According to the Ministry of External Affairs, one consignment reached on January 2 while the second will reach by January 6. The relief materials sent by India include shelter and hygiene kits to provide help to communities devastated by cyclone Yasa on December 17-18, 2020.

An official statement by the MEA said: “Despite challenges posed by the pandemic, over 6 tons of relief supplies were put together in a short span of time by the National Disaster Response Force (NDRF) and were airlifted to Fiji with the help of Air India and Fiji Airways via Sydney, Australia. This was possible thanks to the effective cooperation among multiple agencies in three countries to deliver the relief material to Fiji in record time.”

 

It is significant to note that India has taken the help of Australia in delivering humanitarian aid to Fiji. Australia is part of the Quad – the four-country grouping that includes India, USA, Japan and
Australia with deep interests in the Indo-Pacific region with a view to sizing down Chinese activities in the region.

The MEA statement added: “Disaster Risk Reduction and Management is an important pillar of India’s Indo-Pacific Oceans’ Initiative (IPOI) announced by Prime Minister Narendra Modi in November 2019. India remains committed to extend full support to Fiji’s efforts to restore livelihoods of the affected communities and to build resilient infrastructure.”

In December itself India had also sent similar supplies to flood-affected Vietnam through Indian Navy ship INS Kiltan, which had visited Ho Chi Minh City on 24 December 2020. A press release by the Indian Navy said: “This Mission is part of India’s Humanitarian Assistance and Disaster Relief (HADR) assistance to Friendly Foreign Countries during the ongoing pandemic. The ship will deliver 15 Tons of HADR Stores for the flood-affected people of Central Vietnam.”

Prime Minister Narendra Modi had visited Fiji in November 2014 – the first such visit by an Indian Prime Minister is over three decades. He had met his counterpart Frank Bainimarama, addressed the parliament and spoken with the leaders of 12 Pacific island nations.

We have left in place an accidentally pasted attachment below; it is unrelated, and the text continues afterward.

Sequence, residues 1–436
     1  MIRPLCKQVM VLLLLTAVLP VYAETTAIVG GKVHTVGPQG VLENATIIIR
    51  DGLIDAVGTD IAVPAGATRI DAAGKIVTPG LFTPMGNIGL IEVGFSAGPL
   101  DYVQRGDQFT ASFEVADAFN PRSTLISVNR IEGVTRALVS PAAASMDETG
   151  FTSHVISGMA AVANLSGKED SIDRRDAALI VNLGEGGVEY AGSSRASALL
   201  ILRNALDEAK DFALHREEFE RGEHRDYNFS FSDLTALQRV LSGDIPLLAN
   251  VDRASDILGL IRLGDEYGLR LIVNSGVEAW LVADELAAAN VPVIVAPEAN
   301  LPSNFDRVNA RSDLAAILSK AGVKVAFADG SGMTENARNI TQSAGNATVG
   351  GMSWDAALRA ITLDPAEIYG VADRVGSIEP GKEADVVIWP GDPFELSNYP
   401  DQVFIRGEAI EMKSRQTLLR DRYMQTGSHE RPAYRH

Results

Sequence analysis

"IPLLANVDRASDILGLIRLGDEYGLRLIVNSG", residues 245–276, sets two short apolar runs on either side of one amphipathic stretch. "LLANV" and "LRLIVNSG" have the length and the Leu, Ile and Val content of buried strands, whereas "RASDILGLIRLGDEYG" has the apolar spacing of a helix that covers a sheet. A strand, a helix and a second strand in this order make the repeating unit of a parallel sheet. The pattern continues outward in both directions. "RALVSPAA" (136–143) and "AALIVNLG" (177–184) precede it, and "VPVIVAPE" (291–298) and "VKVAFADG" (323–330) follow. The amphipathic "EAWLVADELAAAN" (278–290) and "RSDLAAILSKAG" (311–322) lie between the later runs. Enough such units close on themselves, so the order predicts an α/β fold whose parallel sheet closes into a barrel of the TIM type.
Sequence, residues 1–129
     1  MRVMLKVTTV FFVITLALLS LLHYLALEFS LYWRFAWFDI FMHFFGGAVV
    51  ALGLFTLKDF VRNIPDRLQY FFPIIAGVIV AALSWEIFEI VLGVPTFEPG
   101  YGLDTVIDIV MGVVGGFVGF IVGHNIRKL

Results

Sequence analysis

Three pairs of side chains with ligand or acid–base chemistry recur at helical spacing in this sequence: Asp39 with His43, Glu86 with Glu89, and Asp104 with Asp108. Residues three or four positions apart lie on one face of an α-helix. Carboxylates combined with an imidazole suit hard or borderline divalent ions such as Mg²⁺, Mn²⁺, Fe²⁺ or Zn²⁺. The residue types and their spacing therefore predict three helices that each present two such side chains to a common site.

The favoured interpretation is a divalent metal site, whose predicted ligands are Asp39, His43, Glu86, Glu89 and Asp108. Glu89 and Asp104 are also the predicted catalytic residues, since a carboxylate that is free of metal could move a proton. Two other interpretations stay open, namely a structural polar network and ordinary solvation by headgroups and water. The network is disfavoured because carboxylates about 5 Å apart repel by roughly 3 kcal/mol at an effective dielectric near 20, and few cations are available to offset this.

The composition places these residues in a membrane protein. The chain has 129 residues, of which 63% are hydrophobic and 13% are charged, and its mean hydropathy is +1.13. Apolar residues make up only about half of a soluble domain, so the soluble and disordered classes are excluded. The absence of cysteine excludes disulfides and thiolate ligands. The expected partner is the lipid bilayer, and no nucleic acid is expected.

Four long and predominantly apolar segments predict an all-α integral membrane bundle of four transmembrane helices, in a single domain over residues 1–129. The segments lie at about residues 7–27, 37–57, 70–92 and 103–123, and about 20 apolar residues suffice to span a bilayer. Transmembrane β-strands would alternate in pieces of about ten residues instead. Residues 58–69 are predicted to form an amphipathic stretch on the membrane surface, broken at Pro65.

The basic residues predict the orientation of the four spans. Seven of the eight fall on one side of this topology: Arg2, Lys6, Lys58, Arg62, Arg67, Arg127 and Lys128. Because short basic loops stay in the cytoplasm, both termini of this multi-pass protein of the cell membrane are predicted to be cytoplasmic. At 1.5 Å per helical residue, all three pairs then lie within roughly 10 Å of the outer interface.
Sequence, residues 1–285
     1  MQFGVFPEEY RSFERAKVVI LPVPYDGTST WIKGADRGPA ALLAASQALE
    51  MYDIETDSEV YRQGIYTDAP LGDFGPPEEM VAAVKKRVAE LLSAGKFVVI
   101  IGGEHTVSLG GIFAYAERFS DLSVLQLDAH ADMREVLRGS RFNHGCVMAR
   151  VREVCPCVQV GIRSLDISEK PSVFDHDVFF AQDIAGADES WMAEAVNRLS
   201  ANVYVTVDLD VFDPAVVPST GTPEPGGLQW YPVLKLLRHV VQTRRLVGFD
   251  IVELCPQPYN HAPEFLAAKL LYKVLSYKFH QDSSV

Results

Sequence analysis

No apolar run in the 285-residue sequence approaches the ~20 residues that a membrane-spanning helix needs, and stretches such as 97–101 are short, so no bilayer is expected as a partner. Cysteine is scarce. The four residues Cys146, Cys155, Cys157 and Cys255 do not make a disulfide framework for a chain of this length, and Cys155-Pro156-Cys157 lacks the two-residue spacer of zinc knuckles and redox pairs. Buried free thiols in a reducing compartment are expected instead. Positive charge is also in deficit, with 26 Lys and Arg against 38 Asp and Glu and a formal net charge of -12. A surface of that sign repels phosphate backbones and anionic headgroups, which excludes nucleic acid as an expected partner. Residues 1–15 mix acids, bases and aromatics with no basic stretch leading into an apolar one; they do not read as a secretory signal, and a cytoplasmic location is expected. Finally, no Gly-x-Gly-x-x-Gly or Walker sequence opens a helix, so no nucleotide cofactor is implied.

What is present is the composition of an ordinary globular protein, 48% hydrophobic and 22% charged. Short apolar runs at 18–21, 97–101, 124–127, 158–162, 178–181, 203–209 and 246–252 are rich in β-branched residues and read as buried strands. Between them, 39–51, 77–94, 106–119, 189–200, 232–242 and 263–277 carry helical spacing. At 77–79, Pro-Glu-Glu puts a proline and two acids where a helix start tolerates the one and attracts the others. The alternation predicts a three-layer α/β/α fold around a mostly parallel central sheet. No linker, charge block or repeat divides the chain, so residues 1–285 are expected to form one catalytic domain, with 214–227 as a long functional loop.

India is among the Quad countries, which also include Japan, Australia and the US that are taking a keen interest in the islands of the Pacific Ocean region.

China’s Huawei Marine is bidding to build a $72.6 million undersea cable linking Micronesia, Kiribati and Nauru, Reuters reported. The move has alarmed Washington and its allies. If Huawei, whose
connections with the Communist Party of China are widely suspected, manages to get the contract, it could seriously compromise US security.

Now, both China and the Quad countries are in a race to control undersea cables in the region which are required to improve the weak telecommunications infrastructure in the Pacific islands. These are, therefore, important from a security standpoint due to the massive volume of data that flows through these cables.

Three countries of the Indo-Pacific Quad – Japan, the US and Australia – have mounted a robust response to China’s sub-sea activism. The trio will finance the connection of a submarine internet cable to the Pacific island nation of Palau, Nikkei said in a separate report.

With this background, India’s humanitarian aid to Fiji is more than aid. It is also at attempt to ensure a stronger foothold in the region to ward off Chinese influence.

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